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Front Page News Leap Day Party February 29th 2020

Every so often we ask particular friends to come to our events. The ones who would tell you when you were having a bad hair day. The kind of friend who would tell you to your face whether or not that wildly unique idea you thought you have is just one that's been caned a million times. One such friend graced our Leap Day Party and this is what he had to say for himself... - Ed. Note

Can you taste the music? by Paul Burnett

There’s an old joke about not being able to organise a few drinks in a brewery, and I can tell you it wasn’t one of those occasions.

Front Page News has been shaking things up on the Barcelona music scene for over a year now; getting up and coming, original artists and bands to play pop-up events in venues to suit the music - from an old vaudevillian theatre to modern, purpose-built concert venues and anything in between. They’ve built up quite a following for good reason and tend to draw a crowd.

Well, the brewery idea worked so well last Autumn, they brought it back. This time on a Saturday afternoon, another unexpected move from Front Page News.

You get out of the Metro in a rapidly gentrifying old warehouse district, well-known for underground galleries and studios and, approaching the building from the outside, there’s a bright graffiti mural that marks it out from its more boring neighbours.

As you enter, it’s clear that you’re walking into a craft brewery in full swing, there’s no hanging around either- with a slick pre-ticketing system, one scan of your phone screen and you’re in.

Inside, it’s a great open space with a stage in one corner and a bar in the other. The walls are lined with huge oak barrels and through windows behind the stage you see the huge operational vats.

There’s already an atmosphere in here, it’s low-key cool, with a laid-back atmosphere and a bubble of chatter coming from a really mixed crowd. This event is attracting a different type, from twenty-somethings and even a few couples with kids to the older hardcore of live concert goers. This is no hipster-only event, nor is it an overly-serious older venue where you constantly feel a little out of place.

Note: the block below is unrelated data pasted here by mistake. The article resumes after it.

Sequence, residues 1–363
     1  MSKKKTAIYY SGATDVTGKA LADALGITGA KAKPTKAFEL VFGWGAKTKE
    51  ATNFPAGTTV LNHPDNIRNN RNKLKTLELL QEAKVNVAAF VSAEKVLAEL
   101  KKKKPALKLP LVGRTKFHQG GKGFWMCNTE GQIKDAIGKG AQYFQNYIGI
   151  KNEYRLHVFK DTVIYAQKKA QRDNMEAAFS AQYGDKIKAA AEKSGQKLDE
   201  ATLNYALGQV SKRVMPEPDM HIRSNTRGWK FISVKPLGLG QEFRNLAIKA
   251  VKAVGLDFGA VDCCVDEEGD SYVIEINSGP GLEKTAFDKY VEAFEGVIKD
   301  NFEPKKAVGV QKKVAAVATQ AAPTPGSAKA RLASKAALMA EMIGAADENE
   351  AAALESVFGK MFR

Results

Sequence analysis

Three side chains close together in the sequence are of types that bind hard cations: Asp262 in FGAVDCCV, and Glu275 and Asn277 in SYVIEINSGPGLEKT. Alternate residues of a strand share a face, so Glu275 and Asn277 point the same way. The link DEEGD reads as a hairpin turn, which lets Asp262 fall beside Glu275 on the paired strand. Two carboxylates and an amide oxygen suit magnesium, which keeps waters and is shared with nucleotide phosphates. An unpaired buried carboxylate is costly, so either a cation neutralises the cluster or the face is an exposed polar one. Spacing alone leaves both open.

There’s an underground, low-tech feel to everything, from the raw concrete floor to the unpretentious bar set-up. A huge blackboard lists the brews on offer, and the variety is almost as impressive as the number of award certificates proudly displayed beneath it.

The bar has a huge number of pumps on the back wall, and the staff are friendly and efficient – they know their business and there is a beer is in my hand in near record time – they kept up with the considerable demand throughout the day and I never had to wait long for a top-up - a huge plus for a busy event. It’s also really reasonable – prices are roughly what you’d pay for industrially produced, bland beer in other venues, but this beer is on another level.

I’m in a heavy mood and decide on an award-winning Imperial Stout, it’s not for the faint-hearted at nearly 10% alcohol but a distinctively rich chocolatey but savoury flavour was just what I needed to get me in the mood for an afternoon of music.

Working my way through the list was just surprise after welcome surprise, and everyone in my group ended up finding a different favourite. And good craft beer encourages the quality over quantity approach.

I catch a whiff of something and move to investigate – there’s a back yard with picnic tables, so the smokers don’t have to leave the venue, but it’s the big barbeque that caught my attention. A quality burger or veggie option means, when I get hungry, I don’t have to go anywhere!

The place is filling up, word obviously got around and I recognise a lot of the musicians who played at other Front Page News events hanging out. You know the Front Page News team are doing something right when the musicians are supporting each other and mixing with the audience, it’s a far cry from the normal event set-up.

A couple of guys are making last minute adjustments to the sound, and again the musicians are helping each other out. It’s not long before a young guy gets up on the low stage and slings a guitar around his neck, checking his mic position. A bassist joins him and they’re set. No ten minutes of fiddling and tuning like amateur night here, we’re off and the blues/folk feel gets you immediately. The chatting subsides…